Anonymous

Posted Sep 1 2011

Thanks, Anonymous. There are many points to be gleaned from this. I don't think there is any one, overarching point to be missed. Some have said the bankruptcy petition was actually triggered by Inner City's failure to accept the terms of a settlement.

Anonymous

Posted Sep 1 2011

Thanks, Anonymous. There are many points to be gleaned from this. I don't think there is any one, overarching point to be missed. Some have said the bankruptcy petition was actually triggered by Inner City's failure to accept the terms of a settlement.

Anonymous

Posted Sep 3 2011

I believe the genesis of what I C B C is experiencing began with a seemingly harmless lawsuit by a young woman named Nicole Spence. Settling the lawsuit out of court certainly didn't cost the company $254 million but it certainly resulted in their inability to retain top talent on its payroll. Various on-air personalities, technical staff and back-office employees lost their jobs-either as a direct result of the settlement or merely as casualties of a convenient excuse. You cannot lose many of your best and brightest and not suffer the effects.

Anonymous

Posted Sep 5 2011

inner city has been a mismanaged company for many a decade now, even the late frankie crocker was quoted in the ny daily news back in 1997 when the ny daily did a story on inner city broadcasting and question back then in 1997 why a once proud and innovative operation and become a bottle of the barrel nyc radio ratings dweller. "they to bring people to program that station who have no feel new york."from the period of 1993 to 1996 wbls alone hand undergone leadership under 5 program directors.

It's true that inner city was stuck with debt that they had stop making payments on for a number of years, debt can't go unpaid, and when it does you likely will be headed for a court appointed receivership, something that once nyc radio power house 1600 wwrl has been in for close to 2 years now, the problem with us and companies like inner city broadcasting, access1 communications owner of wwrl, superadio syndicator, 49% ownership in aurn, they don't challenge the un eqaulness in the business of broadcasting in general.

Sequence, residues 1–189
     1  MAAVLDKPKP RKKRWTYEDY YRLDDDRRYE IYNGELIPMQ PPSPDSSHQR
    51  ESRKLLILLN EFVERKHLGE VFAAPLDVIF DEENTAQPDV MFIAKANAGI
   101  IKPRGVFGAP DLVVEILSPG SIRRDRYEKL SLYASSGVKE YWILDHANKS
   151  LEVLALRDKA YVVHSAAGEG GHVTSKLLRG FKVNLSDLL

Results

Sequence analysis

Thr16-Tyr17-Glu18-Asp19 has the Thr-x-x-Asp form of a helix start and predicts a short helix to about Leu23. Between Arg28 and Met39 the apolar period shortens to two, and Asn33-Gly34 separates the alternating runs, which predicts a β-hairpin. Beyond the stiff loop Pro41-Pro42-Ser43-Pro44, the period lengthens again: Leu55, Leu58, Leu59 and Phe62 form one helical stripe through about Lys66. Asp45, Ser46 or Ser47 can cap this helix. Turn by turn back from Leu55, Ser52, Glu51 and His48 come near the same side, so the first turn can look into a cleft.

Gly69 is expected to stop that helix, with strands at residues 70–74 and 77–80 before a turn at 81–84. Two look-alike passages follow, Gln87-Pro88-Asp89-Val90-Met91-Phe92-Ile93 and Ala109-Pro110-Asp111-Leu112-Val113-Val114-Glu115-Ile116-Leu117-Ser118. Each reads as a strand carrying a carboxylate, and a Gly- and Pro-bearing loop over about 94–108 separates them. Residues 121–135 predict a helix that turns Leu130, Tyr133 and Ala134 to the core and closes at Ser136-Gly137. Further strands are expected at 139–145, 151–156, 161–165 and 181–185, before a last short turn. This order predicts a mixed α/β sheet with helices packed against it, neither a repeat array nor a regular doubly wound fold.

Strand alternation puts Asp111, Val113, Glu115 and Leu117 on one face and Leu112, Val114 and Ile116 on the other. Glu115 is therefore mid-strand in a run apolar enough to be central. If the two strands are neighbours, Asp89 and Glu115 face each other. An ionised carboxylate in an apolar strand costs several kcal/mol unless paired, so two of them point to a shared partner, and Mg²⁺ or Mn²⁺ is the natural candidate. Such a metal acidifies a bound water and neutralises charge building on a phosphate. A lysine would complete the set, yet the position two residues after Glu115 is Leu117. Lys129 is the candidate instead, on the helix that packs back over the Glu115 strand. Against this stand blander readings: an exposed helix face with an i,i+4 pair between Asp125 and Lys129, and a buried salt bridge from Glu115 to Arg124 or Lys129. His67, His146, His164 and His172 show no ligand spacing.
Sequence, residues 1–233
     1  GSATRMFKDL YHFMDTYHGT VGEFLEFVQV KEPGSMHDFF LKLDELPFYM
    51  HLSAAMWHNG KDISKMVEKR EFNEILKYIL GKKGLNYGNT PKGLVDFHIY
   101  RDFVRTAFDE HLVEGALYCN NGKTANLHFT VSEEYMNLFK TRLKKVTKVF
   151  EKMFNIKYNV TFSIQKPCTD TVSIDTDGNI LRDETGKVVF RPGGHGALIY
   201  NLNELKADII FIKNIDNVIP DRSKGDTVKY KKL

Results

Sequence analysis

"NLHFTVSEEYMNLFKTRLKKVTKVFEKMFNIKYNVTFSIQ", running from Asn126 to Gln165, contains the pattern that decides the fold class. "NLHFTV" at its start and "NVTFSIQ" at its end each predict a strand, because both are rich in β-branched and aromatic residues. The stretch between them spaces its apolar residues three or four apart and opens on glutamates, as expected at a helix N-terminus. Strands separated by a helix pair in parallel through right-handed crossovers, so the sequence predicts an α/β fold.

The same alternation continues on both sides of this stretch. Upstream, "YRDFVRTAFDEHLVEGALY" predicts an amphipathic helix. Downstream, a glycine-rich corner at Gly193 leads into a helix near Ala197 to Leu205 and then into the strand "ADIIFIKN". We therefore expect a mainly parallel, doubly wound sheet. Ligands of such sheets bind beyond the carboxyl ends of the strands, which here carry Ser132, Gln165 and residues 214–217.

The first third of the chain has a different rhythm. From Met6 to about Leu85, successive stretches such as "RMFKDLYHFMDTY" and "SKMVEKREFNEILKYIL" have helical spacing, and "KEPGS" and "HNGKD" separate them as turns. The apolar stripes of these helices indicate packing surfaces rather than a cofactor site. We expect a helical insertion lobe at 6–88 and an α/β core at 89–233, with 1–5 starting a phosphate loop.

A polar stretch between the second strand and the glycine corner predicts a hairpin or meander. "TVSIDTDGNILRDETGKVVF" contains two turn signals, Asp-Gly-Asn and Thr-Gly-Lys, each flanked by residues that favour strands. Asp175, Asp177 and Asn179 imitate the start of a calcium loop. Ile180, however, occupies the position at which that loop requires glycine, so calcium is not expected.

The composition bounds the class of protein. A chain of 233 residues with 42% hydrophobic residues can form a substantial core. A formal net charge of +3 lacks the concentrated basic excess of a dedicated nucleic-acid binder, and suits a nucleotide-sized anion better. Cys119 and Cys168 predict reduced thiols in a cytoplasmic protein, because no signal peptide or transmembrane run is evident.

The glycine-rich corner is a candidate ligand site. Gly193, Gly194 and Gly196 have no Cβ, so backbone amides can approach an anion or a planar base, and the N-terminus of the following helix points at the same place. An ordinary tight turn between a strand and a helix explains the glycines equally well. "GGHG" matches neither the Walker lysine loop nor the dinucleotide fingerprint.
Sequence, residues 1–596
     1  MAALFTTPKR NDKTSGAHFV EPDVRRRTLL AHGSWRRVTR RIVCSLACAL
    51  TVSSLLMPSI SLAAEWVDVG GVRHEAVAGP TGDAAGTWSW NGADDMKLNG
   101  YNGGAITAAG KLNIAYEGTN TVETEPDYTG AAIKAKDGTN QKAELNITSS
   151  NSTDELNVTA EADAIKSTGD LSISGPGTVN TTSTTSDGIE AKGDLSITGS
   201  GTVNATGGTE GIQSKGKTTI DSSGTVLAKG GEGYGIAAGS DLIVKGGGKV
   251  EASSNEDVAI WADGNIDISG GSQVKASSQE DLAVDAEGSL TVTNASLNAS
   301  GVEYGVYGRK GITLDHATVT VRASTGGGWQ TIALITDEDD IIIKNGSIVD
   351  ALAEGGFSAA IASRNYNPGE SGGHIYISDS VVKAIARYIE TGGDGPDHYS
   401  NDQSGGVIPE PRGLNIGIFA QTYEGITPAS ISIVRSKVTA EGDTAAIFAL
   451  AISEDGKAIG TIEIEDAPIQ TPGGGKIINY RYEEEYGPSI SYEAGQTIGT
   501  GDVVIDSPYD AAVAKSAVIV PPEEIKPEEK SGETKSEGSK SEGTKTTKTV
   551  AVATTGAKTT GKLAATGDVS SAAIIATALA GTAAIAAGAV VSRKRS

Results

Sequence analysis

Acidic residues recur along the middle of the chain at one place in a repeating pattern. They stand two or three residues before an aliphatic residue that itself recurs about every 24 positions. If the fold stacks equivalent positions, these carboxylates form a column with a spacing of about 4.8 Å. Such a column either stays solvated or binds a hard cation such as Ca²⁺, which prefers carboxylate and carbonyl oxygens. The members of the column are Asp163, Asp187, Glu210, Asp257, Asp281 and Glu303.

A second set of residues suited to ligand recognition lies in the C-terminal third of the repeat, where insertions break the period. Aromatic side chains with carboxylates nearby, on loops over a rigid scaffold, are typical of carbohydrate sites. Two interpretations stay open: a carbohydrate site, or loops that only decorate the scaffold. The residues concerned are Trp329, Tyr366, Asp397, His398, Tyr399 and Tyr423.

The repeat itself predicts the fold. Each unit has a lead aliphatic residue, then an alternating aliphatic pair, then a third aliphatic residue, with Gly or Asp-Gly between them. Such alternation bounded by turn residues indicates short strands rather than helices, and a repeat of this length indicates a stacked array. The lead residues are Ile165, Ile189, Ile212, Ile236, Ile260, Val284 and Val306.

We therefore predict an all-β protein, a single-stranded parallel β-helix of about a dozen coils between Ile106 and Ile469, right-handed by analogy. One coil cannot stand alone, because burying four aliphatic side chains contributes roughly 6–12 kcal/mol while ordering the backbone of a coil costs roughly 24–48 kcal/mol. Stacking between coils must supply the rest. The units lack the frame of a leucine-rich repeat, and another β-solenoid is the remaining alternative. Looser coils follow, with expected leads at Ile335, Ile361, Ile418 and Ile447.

And it appears they just go along with it instead, and then they in turn go out of business or wind taken over like inner city broadcasting, it appears that this generation in black america falls into the guise of thinking they are in an era that is post racial and all challenges have been fought and won, when you see media institutions that are your own disappear without an outcry instead just reduced to an apple and oranges debate to no where, then you know it is unlikely it will be this generation in black america that will continue to fight the battle of uneqaulness.

To a poster on here that thinks there is always 2 sides to a story, inner city broadcasting bought itself down from within with in house nepotism instead of doing business and challenging an uneqaul system that they play in instead, that system played them into takeover end of story. There is a reason you will not hear nyc radio talk outlets talk about the inner city broadcasting situation, and they is because this has been coming for them for the last 6 years.

Anonymous

Posted Sep 12 2011

the author fails to ask the most basic of questions....where is the $192 million that ICBC borrowed??? The South Carolina stations that they bought at the height of the market didn't cost anywhere near that.. Most of their stations carry a high level of syndicated programs, so they're not paying it to employees. HINT: The Sutton's have used the stations for decades as their own personal piggy bank and they have looted the coffers. How many relatives have been on the payroll for decades with no-show jobs? The tragedy is that long time shareholders who invested because they believed in Black radio, walk away with pennies while Sutton still gets paid.

Anonymous

Posted May 2 2012